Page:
So there it is, Dwinkers! Another beer and a movie riding off into the sunset. Fantastic movie, meh beer but still a good evening. My abs definitely got a workout from the movie and I’m glad I got to try another new beer, even if it was a bit of a dud.

Thanks for reading and be sure to connect with BAAM on Twitter, Facebook or Untappd (for you mobile drinkers).

And as always keep drinking, my friends.

Tonight’s Tasting Notes:port
Port Brewing’s Mongo IPA:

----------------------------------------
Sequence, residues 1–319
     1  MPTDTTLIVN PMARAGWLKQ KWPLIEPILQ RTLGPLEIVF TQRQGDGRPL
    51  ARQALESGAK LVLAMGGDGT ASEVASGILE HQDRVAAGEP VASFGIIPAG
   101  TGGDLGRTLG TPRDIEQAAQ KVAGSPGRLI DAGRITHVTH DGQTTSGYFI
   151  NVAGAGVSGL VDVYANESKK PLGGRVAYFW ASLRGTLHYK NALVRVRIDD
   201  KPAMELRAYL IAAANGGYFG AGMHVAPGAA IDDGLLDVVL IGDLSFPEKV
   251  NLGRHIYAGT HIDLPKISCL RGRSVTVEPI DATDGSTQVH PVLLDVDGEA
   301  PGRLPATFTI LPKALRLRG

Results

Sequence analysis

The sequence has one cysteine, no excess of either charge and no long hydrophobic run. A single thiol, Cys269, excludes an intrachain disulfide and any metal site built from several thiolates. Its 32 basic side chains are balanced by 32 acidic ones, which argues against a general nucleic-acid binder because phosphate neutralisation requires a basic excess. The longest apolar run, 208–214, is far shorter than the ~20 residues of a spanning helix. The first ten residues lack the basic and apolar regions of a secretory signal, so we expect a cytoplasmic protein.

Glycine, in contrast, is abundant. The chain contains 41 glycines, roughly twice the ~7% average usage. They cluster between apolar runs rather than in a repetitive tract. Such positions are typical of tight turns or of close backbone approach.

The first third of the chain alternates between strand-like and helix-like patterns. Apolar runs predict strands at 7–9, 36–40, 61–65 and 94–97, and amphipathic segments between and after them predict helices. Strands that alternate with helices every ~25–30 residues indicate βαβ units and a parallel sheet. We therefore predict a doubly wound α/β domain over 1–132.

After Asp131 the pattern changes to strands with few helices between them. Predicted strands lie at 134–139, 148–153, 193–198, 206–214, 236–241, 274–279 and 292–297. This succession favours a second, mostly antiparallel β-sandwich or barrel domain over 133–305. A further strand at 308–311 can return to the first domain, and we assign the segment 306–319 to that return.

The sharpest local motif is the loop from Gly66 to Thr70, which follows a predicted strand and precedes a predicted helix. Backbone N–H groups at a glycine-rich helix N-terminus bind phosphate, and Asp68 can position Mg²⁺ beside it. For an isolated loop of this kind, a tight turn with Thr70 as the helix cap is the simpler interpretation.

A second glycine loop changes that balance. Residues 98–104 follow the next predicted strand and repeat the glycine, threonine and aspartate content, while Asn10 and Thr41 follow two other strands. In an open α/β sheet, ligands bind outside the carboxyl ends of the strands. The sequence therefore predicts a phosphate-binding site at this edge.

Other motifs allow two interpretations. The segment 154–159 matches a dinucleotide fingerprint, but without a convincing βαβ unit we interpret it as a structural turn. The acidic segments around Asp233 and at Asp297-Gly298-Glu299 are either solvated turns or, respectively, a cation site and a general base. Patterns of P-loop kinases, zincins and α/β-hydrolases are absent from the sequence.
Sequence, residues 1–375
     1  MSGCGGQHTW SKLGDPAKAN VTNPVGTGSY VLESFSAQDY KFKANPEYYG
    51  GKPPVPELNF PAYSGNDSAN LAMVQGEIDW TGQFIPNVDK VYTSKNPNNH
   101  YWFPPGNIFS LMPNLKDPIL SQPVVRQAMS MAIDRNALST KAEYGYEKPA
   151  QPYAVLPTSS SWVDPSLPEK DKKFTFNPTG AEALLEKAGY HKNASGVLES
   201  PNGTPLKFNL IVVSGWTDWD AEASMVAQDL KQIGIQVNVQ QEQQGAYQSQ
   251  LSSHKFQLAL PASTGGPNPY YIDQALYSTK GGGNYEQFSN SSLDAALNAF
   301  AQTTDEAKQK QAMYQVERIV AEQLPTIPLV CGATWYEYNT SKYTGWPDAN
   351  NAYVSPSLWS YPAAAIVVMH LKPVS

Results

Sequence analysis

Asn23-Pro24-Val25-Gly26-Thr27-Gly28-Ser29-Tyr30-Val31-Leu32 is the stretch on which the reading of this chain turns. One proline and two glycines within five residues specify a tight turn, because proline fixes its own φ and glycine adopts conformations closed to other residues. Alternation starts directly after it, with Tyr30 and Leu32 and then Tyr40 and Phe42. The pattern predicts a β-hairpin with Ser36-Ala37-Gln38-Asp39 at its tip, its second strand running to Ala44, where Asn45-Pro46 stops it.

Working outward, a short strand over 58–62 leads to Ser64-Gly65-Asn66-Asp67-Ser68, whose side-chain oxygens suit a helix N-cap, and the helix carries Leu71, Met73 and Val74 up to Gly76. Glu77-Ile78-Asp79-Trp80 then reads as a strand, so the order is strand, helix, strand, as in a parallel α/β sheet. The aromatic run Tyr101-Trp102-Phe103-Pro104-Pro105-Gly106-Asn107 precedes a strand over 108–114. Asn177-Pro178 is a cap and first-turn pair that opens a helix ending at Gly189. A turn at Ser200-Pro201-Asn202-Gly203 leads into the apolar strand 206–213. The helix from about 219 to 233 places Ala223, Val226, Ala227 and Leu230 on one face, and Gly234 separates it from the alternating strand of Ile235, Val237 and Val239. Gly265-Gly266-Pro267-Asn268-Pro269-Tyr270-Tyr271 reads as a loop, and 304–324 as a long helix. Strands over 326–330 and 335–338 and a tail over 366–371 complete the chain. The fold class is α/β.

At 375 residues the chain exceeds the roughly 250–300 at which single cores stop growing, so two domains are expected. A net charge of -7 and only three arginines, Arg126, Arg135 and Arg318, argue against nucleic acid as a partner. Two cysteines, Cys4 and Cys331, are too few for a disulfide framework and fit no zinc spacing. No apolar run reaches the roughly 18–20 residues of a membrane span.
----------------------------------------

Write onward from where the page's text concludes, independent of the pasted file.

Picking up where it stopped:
-Nice, hazy orange pour
-Thick head w/ lovely lacing
-More grain than hop in flavor profile

Blazing Saddles:
-Non-stop joke onslaught
-Fairly offensive, but it shares the wealth
-Never gets olds, a true classic

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Abita’s Abbey Ale & Young Frankenstein

Hey there, drinkers,

Tonight I’m feeling good, drinking beer and watching movies (well, really just one movie). And with a bomber of 8% beer to indulge in and an obscure cinematic reference to explain, this BAAM has all the makings of great evening. Fair warning, due to the fairly high ABV of this beer and the sheer quantity of beer consumed (a bomber is a 22 oz. bottle), I may or may not be a bit tipsy in the writing of this review, so just bear (or beer….get it?) with me as I ramble and leave typos.